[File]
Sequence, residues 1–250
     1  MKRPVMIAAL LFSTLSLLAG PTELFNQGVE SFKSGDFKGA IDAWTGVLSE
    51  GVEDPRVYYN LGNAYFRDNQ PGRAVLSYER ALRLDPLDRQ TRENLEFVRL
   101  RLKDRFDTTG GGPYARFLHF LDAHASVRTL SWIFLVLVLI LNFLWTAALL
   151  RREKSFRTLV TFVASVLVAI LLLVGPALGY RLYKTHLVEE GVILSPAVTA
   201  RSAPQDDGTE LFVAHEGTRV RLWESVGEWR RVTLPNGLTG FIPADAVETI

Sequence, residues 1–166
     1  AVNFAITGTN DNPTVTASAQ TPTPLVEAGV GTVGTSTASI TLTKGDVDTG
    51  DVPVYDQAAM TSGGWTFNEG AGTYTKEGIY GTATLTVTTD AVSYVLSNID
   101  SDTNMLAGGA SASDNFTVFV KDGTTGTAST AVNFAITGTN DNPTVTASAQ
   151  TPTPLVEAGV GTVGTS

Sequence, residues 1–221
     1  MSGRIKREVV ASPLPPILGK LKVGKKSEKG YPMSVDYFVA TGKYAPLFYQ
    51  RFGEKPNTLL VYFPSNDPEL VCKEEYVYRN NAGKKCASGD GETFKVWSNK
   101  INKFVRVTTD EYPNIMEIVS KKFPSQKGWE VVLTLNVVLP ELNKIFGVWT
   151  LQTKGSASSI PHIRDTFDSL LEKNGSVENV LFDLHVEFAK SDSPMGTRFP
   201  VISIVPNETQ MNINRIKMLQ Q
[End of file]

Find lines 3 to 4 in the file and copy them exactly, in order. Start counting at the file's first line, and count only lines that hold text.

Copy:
    51  GVEDPRVYYN LGNAYFRDNQ PGRAVLSYER ALRLDPLDRQ TRENLEFVRL
   101  RLKDRFDTTG GGPYARFLHF LDAHASVRTL SWIFLVLVLI LNFLWTAALL